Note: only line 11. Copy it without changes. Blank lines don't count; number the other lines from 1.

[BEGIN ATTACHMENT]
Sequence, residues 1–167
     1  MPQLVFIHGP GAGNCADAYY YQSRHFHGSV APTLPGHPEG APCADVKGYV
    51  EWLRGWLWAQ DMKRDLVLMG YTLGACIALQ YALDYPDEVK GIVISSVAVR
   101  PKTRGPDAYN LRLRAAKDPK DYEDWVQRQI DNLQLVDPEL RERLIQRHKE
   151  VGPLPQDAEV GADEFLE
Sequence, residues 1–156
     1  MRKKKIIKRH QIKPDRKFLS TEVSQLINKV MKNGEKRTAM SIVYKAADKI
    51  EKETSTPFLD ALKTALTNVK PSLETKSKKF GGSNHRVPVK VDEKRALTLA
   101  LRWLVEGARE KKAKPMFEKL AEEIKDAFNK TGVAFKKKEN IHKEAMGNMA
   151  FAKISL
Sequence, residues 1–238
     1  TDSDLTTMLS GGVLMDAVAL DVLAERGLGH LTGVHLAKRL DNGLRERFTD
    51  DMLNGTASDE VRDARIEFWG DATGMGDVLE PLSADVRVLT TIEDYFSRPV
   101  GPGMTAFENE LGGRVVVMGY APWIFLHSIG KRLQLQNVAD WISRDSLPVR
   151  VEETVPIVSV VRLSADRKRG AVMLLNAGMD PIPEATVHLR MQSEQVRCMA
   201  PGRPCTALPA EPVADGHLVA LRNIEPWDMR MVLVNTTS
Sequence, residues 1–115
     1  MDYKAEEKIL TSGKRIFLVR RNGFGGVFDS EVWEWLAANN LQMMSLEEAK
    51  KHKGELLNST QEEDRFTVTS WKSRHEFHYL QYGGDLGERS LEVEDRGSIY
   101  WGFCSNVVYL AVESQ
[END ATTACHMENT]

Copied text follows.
Sequence, residues 1–238